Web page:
Novo Nordisk and IBM partner to build diabetes care solutions on the Watson Health Cloud
Via IBM Press Center
Dec 10, 2015
Bagsværd, Denmark and Armonk, US - 10 Dec 2015: Novo Nordisk and IBM (NYSE: IBM) Watson Health today announced that the two companies will work together to create diabetes solutions built on the Watson Health Cloud. The agreement combines Novo Nordisk’s deep understanding of diabetes with IBM’s leadership in cognitive computing .
The companies will explore possibilities for improved diabetes care via insights from real-time, real world evidence of Novo Nordisk diabetes treatments and devices. By harnessing the potential of the Watson Health Cloud, Novo Nordisk aims to further advance its offerings to people living with diabetes and their healthcare professionals.
Commenting on the agreement, Jakob Riis, executive vice president, Novo Nordisk said: “Working with ambitious partners like IBM Watson Health helps us explore the opportunities presented by an increasingly digitalised healthcare system. We aim to leverage our combined capabilities to improve the lives of people with diabetes by making the management of the condition more simple, effective and measurable.”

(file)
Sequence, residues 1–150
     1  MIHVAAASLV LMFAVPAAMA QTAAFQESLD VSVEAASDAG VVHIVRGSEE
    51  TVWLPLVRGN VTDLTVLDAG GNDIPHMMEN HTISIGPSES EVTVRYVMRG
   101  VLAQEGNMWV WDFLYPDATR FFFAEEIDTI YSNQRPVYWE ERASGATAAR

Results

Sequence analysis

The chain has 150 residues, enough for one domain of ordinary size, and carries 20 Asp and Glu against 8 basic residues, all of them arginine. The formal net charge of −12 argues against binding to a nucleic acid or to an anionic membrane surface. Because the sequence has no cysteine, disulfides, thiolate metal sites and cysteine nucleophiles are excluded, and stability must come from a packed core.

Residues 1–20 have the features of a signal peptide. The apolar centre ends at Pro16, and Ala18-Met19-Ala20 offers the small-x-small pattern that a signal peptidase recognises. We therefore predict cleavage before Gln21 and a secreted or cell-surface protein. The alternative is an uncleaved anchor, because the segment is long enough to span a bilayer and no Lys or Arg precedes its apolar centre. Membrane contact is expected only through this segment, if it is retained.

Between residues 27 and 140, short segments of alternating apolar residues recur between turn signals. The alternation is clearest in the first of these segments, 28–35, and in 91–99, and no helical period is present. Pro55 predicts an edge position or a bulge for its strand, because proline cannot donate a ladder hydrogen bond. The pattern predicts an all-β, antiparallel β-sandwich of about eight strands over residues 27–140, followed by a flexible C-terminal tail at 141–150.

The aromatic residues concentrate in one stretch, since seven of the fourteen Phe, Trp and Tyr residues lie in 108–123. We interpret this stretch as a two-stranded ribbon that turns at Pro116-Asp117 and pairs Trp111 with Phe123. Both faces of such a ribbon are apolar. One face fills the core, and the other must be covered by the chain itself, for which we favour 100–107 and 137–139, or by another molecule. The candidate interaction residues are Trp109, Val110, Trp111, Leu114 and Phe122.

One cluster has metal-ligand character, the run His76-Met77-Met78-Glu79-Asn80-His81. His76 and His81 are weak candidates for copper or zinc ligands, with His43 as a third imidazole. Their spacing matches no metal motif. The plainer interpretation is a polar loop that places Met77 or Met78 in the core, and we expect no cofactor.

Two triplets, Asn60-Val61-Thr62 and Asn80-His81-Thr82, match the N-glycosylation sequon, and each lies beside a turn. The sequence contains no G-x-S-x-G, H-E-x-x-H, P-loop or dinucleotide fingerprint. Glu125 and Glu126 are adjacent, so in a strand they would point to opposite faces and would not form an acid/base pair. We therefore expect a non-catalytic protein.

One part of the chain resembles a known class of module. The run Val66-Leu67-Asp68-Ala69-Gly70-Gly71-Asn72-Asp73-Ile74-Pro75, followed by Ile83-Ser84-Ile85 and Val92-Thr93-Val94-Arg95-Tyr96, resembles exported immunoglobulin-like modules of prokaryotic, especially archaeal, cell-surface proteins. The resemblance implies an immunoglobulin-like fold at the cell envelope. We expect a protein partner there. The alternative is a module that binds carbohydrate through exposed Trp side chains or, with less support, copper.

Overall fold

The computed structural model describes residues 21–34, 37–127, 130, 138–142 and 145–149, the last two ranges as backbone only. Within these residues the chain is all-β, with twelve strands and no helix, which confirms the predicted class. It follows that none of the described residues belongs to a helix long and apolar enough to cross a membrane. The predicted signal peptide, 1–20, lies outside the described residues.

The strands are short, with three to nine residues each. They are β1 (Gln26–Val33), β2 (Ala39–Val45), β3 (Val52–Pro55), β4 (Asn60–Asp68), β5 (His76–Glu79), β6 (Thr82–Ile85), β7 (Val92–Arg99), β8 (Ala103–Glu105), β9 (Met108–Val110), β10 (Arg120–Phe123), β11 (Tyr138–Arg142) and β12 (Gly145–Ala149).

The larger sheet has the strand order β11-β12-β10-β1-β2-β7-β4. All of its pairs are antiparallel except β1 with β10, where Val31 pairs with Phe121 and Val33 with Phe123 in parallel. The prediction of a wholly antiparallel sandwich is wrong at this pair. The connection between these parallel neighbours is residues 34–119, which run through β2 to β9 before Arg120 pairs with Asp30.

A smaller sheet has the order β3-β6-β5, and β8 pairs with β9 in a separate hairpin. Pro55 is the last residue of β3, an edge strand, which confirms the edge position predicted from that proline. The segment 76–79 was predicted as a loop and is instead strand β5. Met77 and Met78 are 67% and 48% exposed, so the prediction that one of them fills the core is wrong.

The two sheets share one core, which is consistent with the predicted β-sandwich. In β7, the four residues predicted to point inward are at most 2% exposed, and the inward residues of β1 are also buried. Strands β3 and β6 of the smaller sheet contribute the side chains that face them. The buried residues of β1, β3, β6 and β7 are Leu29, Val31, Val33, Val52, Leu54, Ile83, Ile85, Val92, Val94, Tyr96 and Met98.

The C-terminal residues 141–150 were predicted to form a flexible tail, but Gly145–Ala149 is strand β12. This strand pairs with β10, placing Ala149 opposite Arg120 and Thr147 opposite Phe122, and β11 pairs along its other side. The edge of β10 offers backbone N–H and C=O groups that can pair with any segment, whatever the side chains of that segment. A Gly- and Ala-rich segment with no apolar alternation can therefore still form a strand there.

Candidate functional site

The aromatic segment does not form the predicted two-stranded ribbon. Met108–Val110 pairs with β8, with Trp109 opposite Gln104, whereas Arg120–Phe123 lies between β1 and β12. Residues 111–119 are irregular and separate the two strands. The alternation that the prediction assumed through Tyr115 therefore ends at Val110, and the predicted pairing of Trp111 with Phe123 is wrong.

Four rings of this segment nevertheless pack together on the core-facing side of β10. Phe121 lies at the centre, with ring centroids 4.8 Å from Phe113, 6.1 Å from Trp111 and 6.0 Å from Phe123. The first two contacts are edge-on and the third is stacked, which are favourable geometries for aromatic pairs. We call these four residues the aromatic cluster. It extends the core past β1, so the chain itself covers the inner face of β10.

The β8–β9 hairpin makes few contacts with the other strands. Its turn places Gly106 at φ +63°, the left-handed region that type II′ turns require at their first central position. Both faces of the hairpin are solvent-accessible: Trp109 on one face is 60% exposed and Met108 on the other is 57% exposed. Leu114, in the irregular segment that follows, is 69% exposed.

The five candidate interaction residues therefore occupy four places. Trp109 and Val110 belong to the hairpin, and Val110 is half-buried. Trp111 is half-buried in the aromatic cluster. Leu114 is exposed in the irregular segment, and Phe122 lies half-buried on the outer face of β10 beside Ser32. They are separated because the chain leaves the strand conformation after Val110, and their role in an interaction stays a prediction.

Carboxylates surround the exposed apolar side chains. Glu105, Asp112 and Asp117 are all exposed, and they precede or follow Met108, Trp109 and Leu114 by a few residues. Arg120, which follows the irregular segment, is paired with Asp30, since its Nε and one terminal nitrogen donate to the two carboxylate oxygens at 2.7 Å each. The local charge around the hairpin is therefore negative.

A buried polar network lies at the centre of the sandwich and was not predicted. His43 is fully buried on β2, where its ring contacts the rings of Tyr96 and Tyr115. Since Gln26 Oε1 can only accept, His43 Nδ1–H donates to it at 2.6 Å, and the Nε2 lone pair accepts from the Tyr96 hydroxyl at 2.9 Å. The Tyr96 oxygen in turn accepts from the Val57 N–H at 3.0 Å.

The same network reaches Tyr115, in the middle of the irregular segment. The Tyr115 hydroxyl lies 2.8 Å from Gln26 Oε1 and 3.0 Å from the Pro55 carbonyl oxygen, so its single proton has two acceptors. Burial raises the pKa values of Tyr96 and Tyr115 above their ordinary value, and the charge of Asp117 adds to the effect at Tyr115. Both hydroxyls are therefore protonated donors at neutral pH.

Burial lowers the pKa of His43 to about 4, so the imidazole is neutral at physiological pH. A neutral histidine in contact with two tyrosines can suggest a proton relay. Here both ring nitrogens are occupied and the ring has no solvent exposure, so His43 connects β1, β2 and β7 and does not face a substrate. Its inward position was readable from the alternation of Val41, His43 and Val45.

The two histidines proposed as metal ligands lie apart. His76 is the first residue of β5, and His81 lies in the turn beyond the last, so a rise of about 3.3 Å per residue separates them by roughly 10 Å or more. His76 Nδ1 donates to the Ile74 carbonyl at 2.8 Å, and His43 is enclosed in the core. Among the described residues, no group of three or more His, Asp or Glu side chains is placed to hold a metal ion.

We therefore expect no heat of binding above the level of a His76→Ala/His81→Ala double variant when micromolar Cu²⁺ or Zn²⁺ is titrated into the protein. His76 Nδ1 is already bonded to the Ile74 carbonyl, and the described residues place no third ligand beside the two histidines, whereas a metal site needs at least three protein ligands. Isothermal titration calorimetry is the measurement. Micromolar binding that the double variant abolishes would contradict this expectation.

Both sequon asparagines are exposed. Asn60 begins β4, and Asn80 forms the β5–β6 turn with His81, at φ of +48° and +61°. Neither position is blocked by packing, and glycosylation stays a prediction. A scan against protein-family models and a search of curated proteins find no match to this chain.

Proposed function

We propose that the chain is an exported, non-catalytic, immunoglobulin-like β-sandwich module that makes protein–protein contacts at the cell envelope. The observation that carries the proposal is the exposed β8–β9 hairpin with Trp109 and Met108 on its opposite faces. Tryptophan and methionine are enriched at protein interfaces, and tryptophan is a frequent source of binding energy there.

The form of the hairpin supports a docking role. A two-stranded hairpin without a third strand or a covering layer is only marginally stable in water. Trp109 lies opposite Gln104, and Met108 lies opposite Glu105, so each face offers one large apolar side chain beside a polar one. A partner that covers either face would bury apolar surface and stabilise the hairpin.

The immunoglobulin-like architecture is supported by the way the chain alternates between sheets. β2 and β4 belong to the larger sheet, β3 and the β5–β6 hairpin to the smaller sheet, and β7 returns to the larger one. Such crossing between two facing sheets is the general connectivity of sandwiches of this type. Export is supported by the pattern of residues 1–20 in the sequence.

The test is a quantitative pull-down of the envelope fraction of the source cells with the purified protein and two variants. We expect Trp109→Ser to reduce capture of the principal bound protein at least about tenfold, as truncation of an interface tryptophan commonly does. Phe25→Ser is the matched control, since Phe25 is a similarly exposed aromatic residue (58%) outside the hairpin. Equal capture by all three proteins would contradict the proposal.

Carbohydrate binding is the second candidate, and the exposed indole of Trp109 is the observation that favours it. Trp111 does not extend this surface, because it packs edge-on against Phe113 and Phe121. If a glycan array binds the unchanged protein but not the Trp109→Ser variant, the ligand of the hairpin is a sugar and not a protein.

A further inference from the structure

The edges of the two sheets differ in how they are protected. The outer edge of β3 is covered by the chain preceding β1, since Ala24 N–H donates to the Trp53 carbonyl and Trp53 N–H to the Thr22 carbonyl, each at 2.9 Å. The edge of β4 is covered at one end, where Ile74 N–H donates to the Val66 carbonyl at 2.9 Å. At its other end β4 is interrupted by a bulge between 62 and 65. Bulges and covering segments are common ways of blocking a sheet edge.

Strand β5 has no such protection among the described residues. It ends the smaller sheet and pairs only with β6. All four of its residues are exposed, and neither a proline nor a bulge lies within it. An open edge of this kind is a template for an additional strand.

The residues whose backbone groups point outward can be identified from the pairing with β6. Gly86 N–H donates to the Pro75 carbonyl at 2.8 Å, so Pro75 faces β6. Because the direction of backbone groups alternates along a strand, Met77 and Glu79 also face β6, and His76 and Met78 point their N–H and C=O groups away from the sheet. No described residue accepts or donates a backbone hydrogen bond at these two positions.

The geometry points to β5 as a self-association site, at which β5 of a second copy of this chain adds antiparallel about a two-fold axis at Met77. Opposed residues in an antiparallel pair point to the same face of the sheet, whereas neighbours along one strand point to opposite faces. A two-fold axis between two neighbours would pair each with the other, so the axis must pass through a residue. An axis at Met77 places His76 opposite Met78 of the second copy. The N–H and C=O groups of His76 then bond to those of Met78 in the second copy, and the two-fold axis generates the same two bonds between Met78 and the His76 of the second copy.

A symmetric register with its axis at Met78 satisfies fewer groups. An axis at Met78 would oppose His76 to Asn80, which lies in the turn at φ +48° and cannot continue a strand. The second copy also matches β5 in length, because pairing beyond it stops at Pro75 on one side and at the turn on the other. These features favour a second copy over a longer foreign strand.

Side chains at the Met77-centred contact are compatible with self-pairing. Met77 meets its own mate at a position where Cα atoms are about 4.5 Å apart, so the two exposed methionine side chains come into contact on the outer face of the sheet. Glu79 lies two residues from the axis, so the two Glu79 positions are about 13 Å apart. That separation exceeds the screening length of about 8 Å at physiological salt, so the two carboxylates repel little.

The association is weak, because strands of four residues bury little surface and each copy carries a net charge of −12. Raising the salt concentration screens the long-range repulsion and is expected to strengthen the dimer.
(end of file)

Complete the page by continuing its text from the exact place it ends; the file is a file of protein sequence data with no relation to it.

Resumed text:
IBM Watson is the first commercially available cognitive computing platform and represents a new era of computing. The platform, delivered through the cloud, processes vast amounts of big data to uncover patterns and insights, understands complex questions posed in natural language, proposes evidence-based answers, and learns from each interaction. The Watson Health Cloud is a development platform for health and wellness solutions.
“IBM is excited to work with Novo Nordisk, a global leader in diabetes, to help the company create new e-health solutions on the Watson Health Cloud — accessing cognitive computing to help personalise care,” said Deborah DiSanzo, general manager of IBM Watson Health.
The International Diabetes Federation (IDF) estimates that 415 million people have diabetes today – a figure that IDF estimates could rise to 642 million by 2040. Complications from poorly managed diabetes include cardiovascular disease, kidney disease, nerve damage, and blindness. Diabetes and its complications account for 12% of global health expenditure ($673 billion US dollars). 1
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